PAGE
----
I finished reading an interesting book recently:

The Phoenix Project: A Novel About IT, DevOps and Helping Your Business Win (Gene Kim, Kevin Behr, & George Spafford)

Apart from achieving the improbable outcome of turning a story about day-to-day IT into a page-turner thriller (relatively speaking..), it identified that many challenges in IT are of its own making – irrespective of the underlying technology or architecture. Successfully applying lean techniques, such as Kanban, can often dramatically improve IT throughput and productivity, and should be the first course of action to address a perceived lack of resources/capacity in the IT organisation, ahead of looking at tools or architecture.

This approach is likely to be particularly effective in organisations in which IT teams seem to be constantly reacting to unplanned change-related events.

As Kanban techniques are applied, constraints are better understood, and the benefit of specific enhancements to tools and architecture should become more evident to everyone. This forms part of the feedback loop into the software design/development process.

This whole process can be supported by improving the process by which demand into IT (and specific teams within IT) is identified and prioritised: the feedback loop from DevOps continuous improvement activities form part of the product/architecture roadmap which is shared with the business stakeholders.

The application of these techniques dovetails very nicely with advancements in how technology can be commissioned today: specifically, infrastructure-as-a-service (virtualised servers); elastic anti-fragile cloud environments, the development of specialised DevOps tools such as Puppet, Ansible, Chef, etc; the rise of lightweight VMs/containers such as Docker and Mesos, microservices as a unit of deployment, automated testing tools, open modular architecture standards such as OSGi, orchestration technologies such as Resource Oriented Computing, sophisticated monitoring tools using big data and machine learning techniques such as Splunk, etc, etc.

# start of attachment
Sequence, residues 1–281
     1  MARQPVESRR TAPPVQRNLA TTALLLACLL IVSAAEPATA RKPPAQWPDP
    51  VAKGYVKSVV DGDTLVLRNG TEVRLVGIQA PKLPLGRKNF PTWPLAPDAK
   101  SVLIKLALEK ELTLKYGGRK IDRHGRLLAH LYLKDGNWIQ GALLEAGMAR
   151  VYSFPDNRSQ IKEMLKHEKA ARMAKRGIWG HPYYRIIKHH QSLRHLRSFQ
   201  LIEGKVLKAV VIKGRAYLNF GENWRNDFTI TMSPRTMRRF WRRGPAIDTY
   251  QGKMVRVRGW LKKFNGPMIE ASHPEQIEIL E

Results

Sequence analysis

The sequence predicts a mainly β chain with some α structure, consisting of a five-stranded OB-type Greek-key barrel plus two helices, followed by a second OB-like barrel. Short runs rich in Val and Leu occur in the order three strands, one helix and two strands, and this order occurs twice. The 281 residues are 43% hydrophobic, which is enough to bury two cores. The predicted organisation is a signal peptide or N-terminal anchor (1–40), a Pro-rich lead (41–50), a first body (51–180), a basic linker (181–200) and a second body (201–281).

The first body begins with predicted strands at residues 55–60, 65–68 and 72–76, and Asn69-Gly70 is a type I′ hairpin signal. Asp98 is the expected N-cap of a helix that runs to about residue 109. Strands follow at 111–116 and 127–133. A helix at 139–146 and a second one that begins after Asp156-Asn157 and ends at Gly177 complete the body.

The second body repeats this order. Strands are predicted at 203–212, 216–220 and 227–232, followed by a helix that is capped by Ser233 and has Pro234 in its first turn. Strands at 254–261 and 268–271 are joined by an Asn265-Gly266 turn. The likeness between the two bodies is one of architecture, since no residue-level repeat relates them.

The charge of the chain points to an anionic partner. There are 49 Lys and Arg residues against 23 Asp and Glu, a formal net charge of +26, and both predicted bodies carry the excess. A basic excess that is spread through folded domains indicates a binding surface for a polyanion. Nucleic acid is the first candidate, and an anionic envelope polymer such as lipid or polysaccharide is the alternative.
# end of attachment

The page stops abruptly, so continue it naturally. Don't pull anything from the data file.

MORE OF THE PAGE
This means there are many paths to improving DevOps productivity. This presents its own technical challenges, but is mostly down to finding the right talent and deploying them productively.

An equal challenge relates to enteprise architecture and scaled agile planning and delivery techniques, which serves to ensure that the right demand gets to the right teams, and that the scope of each team’s work does not grow beyond an architecturally sustainable boundary – as well as ensuring that teams are conscious of and directly support domains that touch on their boundary.

This implies more sophisticated planning, and a conscious effort to continually be prepared to refactor teams and architectures in order to maintain an architecturally agile environment over time.

The identification and definition of appropriate boundaries must start at the business level (for delivering IT value), then to the programme/project level (which are the agents of strategic change), and finally to the enterprise level (for managing complexity). There is an art to identifying the right boundaries (appropriate for a given context), but the Roger Sessions approach to managing complexity (as described in this book) describes a sensible approach.

The establishment of boundaries (domains) allows information architecture standards and processes to be readily mapped  to systems and processes, and to have these formalised through flows exposed by those domains. This in the end makes data standards compliance much easier, as the (exposed) implementation architecture reflects the desired information architecture.